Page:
An important skill to master in real estate, as in life, is dealing with another person’s anger. Angry clients are a fact of life. Sometimes they’re angry for a legitimate reason. Perhaps you were late for a meeting, made a mistake on paperwork or any of myriad things that can go wrong in handling a listing. Or maybe the client is having a bad day, and you become the target of their frustration simply because you were the first person they spoke to on that bad day.
There’s an old adage: “People are never angry for the reasons you think they are.” Which is another way of saying, don’t take a client’s anger personally.
Of course, an angry client can be particularly challenging if you’re the kind of person who doesn’t feel comfortable in the face of another person’s anger.
But the reality is, you can’t avoid angry clients (or spouses, or children or the person behind you at a traffic light who is leaning on the horn). Which means you’ll need to work on your relational skills, to learn how to diffuse a situation with an angry client.
Here are a few tips to help you in this process:
- Put your listening skills to work: The most important thing you can do to defuse a situation with an angry client is to listen. You need to hear what they have to say, or maybe just to let them vent. Be caring an understanding. Play back what you have hears so they feel as if someone is listening. Sometimes an angry person just feel as they need to be heard. And validated.
- Practice empathy: The most effective way to diffuse a situation with an angry client is to ensure that the client feels valued and understood. The first step is to listen. But you may need to go deeper. As their listing agent, try your best to understand what that person might be going through. What emotions are they dealing with? Why are theyt selling Perhaps their decision to sell is health-related? Or perhaps they are going through a financial crisis? Or maybe a job transfer is taking them away from the neighborhood where they’ve been raising their family? While selling a home (especially in a seller’s market) can be exciting and rewarding, it can also be traumatic and emotionally-draining for any number of reasons. If you can appreciate where they are coming from, and know that anger is often about fear, you’ll go a long way to diffusing the situation and creating a stronger bond with your client.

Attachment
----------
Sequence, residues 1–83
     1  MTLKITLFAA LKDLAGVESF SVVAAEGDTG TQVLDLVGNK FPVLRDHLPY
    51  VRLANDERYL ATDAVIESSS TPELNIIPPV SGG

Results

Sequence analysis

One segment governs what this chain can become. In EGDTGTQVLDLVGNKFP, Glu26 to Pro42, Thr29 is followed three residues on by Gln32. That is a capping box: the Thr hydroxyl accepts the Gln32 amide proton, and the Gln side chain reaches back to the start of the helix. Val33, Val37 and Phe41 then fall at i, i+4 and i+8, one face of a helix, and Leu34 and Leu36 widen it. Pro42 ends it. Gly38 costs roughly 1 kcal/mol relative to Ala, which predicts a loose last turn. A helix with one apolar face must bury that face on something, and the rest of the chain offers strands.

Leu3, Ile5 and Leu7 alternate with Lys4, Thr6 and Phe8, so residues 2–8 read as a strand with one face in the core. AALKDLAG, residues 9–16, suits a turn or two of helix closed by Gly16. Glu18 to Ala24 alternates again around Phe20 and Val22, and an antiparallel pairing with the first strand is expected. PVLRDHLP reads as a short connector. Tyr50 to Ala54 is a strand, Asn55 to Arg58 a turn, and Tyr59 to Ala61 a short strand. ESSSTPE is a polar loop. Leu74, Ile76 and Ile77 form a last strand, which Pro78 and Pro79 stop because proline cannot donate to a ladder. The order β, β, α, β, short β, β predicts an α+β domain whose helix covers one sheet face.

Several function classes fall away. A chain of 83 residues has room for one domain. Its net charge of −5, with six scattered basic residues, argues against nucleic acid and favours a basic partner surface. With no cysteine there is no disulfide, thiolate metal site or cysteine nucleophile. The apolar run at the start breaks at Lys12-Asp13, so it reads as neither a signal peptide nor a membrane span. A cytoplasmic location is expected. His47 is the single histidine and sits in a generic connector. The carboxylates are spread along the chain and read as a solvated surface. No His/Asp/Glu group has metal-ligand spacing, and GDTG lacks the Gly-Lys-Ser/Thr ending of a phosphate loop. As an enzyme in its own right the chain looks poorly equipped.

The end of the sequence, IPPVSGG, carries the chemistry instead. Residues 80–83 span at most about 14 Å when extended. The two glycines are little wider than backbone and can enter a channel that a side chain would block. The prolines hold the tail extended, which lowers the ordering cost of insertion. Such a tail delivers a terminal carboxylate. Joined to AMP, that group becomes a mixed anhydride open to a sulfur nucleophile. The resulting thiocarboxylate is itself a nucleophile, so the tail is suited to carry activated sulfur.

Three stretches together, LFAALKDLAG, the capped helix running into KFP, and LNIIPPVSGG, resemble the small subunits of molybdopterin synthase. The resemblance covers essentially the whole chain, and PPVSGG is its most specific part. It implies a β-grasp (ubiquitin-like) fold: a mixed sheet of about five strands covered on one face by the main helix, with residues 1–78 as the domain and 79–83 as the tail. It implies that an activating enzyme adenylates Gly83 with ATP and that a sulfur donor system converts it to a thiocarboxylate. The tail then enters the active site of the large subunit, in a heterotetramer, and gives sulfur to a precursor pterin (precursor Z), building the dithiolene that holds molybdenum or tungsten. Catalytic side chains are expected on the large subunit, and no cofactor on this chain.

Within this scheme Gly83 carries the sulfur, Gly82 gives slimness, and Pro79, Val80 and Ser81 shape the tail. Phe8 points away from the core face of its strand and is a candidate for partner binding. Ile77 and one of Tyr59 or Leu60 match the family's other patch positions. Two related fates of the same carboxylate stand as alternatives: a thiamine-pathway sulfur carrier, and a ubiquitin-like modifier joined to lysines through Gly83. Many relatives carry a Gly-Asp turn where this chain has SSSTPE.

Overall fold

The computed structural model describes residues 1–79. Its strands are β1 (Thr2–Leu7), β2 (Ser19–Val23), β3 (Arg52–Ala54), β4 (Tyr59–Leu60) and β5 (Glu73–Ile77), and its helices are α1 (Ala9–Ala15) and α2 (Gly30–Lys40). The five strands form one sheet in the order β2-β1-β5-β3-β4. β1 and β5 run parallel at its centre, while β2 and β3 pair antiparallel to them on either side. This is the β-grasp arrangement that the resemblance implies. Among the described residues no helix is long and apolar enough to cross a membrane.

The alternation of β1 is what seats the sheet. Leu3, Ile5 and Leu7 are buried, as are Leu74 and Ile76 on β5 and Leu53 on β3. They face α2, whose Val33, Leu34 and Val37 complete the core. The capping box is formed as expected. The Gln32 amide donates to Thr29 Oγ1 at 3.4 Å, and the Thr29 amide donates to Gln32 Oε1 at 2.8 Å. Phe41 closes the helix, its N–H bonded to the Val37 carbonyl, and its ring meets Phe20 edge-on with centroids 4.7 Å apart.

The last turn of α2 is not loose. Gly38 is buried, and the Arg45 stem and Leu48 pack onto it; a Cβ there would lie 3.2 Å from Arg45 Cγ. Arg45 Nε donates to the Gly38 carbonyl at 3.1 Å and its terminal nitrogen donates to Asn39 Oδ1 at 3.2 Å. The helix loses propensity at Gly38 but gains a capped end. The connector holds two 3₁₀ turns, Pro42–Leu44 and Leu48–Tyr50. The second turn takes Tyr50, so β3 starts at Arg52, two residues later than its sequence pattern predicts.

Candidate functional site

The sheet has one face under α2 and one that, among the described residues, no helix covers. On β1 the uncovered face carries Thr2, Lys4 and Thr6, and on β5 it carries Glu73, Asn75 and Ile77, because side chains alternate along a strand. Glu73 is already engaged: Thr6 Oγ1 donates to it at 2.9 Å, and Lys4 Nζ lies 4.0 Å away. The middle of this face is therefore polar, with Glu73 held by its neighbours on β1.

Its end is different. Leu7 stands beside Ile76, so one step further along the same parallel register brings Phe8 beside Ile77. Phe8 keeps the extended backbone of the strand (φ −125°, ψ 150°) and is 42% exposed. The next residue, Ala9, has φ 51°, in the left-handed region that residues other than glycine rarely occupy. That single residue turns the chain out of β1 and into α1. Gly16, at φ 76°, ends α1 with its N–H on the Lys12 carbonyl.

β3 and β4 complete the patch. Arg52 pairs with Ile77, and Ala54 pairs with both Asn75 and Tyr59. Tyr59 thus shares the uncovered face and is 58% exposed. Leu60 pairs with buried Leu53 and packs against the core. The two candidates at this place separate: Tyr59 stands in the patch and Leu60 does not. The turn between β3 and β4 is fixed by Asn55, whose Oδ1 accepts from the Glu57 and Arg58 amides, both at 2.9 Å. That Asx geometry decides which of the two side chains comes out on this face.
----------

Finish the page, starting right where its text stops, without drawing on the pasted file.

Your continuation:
- Ask insightful, intelligent Don’t let someone’s anger or negativity dominate the situation. By trouble-shooting with intelligent questions, you can set the table for a mutually-beneficial partnership. What motivates them? Why are they moving? What are their dreams and aspirations? Effective questioning reveals that you have an interest in their goals, which can go a long way to building trust.
- Make sure you execute flawlessly. One of the best, and simplest, ways to minimize the chance of having an angry client is to do everything you promise, when you promised it. Arrive on time or early for every meeting. Make sure your listing presentation is well-thought-out and easy to understand. Return phone calls as quickly as possible. Make sure signs are up when promised, and that paperwork is in order and timely. In other words, the best way to establish a positive relationship (and minimize the opportunity for anger to take root) is by always exceeding your clients’ expectations.
The reality is, even if you follow these tips, you’re going to have face angry clients with whom you’ll have to work extra hard to build and maintain a positive relationship. After all, we’re all human, and anger is part of the human condition. You might even have situations where nothing you say can change someone’s attitude. If so, you might need to walk away, to cut your emotional ties for the benefit of both parties.